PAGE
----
Deep-dive

Joins in Materialize

This post is also available at my personal blog.

Materialize allows you to maintain declarative, relational SQL queries over continually changing data. One of the most powerful features of SQL queries are joins: the ability to correlate records from multiple collections of data. Joins also happen to be one of the harder things to do both correctly and efficiently as the underlying data change.

Let’s walk through the ways that Materialize maintains queries containing joins!

In particular, we’ll see increasingly sophisticated join planning techniques, starting from what a conventional dataflow system might do, and moving through joins that can introduce nearly zero per-query overhead. Each of the new join plans we work through represent an implementation strategy that Materialize can do that other dataflow systems will struggle to replicate.

As we move through techniques, the number of private intermediate records maintained by each query dataflows drops. We’ll report all 22 TPC-H queries at the end, but here are two of the largely representative queries, and the number of additional records Materialize maintains to keep the query results up to date.

|   query 03 |  query 08 | technique         |
| ----------:|----------:|------------------ |
|  4,173,794 | 7,111,507 | Baseline          |
|  3,416,347 | 6,142,311 | Primary indexes   |
|    174,571 |   141,228 | Secondary indexes |
|     23,240 |         6 | Delta queries     |

Each of these techniques are live in Materialize now. Each comes on-line in response to indexes that you ask Materialize to prepare. The more prepared indexes, the less per-query memory required (admittedly, the more baseline memory required as well).

At the end, we’ll have a forward-looking discussion of late-materialization which can further reduce the memory requirements, in a way that currently requires user assistance (we’re working on it!). Throughout, the story is that Materialize can invoke efficient join patterns from relational databases in the context of scale-out dataflow processors.

Introducing Joins

Let’s take a super-simple example of an “equi-join”:

-- Collect customer names and states of residence.
SELECT
    customer.name,
    location.state
FROM
    customer,
    location
WHERE
    customer.zip = location.zip

Here we have two collection of data, customer and location. We want to pick out pairs from each that match on their zip field. Although we didn’t write the word JOIN, that is what happens in SQL when you use multiple input collections.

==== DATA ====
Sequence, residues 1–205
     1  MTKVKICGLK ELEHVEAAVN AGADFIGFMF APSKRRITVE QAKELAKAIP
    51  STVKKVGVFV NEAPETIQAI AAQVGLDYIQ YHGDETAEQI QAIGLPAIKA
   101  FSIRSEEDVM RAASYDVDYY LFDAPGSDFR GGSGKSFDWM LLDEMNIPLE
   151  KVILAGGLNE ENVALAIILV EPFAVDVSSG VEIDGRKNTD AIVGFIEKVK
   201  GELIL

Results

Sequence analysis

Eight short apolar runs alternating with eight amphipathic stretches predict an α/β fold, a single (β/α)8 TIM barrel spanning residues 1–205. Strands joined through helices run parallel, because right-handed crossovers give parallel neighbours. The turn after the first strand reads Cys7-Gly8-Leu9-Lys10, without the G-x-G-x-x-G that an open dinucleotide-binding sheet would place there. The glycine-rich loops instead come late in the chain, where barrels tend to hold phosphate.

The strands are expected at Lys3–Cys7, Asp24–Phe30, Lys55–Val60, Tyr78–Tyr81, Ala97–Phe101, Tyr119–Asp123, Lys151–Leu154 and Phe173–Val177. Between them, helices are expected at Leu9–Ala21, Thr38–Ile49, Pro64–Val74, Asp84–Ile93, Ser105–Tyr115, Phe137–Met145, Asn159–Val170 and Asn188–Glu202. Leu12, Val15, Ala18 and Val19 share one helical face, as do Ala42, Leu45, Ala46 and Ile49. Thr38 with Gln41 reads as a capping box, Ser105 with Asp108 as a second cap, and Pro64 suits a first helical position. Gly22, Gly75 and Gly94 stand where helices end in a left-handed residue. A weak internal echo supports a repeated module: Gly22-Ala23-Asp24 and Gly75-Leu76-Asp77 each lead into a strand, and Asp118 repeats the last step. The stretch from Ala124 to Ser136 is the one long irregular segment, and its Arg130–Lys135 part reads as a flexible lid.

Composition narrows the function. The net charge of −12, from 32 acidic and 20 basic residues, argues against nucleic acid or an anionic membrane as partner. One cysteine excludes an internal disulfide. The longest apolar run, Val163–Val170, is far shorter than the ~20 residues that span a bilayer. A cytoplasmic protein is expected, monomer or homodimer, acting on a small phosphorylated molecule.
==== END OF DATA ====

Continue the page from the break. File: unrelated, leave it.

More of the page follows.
Most dataflow systems will plan this join using a relatively simple dataflow graph:

Information about the customer and location collections flows in along their respective edges. For example, when records are added, removed, or updated, that information flows as data along an edge. The join operator receives this information, and must correctly respond to it with any changes to its output collection. For example, if we add a record to customer, the output must be updated to include any matches between that record and location; this probably means a new output record with the customer name and the state corresponding to its ZIP code.

Most dataflow systems implement the join operator by having it maintain its two inputs each in an index. As changes arrive for either input, the operator can look at their zip fields and immediately leap to the matching records in the other collection. This allows the operator to quickly respond to record additions, deletions, or changes with the corresponding output addition, deletion, or change.

The operator maintains state proportional to the current records in each of its inputs.

You may have noticed the “most dataflow systems” refrain repeated above. Materialize will do things slightly differently, in a way that can be substantially better.

Binary Joins in Materialize

Materialize plans joins using a slightly different dataflow plan:

We have broken the traditional join operator into three parts. Each of the inputs first visits an arrange operator, whose results then go to a join_core operator. The arrange operators are in charge of building and maintaining the indexed representations of their inputs. The join_core operator takes two pre-indexed, maintained collections and applies the join logic to the changes that move through them.

Why break apart the join operator into arrange and join_core?

As you may know from relational databases, a small number of indexes can service a large volume of queries. The same is true in Materialize: we can re-use the indexed representations of collections across many independent joins. By separating the operator into 1. data organization and 2. computation, we can more easily slot in shared, re-used arrangements of data. This can result in a substantial reduction in the amount of memory required, as compared to traditional dataflow systems.

Let’s take the example above, using customer and location. The standard dataflow system will build private indexes of customer and location, each indexed by their zip field. The zip field in location may be a primary key, meaning each record has a different value of the field. Joins using primary keys are effectively “look-ups” and are quite common. Each such look-up would be a join using location.zip and would require the same index. We can build the index once, and re-use it across all of the query dataflows that need it.